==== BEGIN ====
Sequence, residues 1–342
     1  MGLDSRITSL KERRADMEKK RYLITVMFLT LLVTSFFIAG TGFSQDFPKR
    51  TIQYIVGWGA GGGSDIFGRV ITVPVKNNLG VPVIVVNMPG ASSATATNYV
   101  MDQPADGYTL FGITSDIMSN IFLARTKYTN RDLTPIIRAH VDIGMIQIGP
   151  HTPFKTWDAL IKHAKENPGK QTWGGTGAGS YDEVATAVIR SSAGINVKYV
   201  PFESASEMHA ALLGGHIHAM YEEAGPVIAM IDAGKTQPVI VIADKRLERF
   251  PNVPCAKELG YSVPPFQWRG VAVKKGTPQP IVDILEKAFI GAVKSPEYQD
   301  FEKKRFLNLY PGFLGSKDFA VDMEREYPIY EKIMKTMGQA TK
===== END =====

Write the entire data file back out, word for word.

Sequence, residues 1–342
     1  MGLDSRITSL KERRADMEKK RYLITVMFLT LLVTSFFIAG TGFSQDFPKR
    51  TIQYIVGWGA GGGSDIFGRV ITVPVKNNLG VPVIVVNMPG ASSATATNYV
   101  MDQPADGYTL FGITSDIMSN IFLARTKYTN RDLTPIIRAH VDIGMIQIGP
   151  HTPFKTWDAL IKHAKENPGK QTWGGTGAGS YDEVATAVIR SSAGINVKYV
   201  PFESASEMHA ALLGGHIHAM YEEAGPVIAM IDAGKTQPVI VIADKRLERF
   251  PNVPCAKELG YSVPPFQWRG VAVKKGTPQP IVDILEKAFI GAVKSPEYQD
   301  FEKKRFLNLY PGFLGSKDFA VDMEREYPIY EKIMKTMGQA TK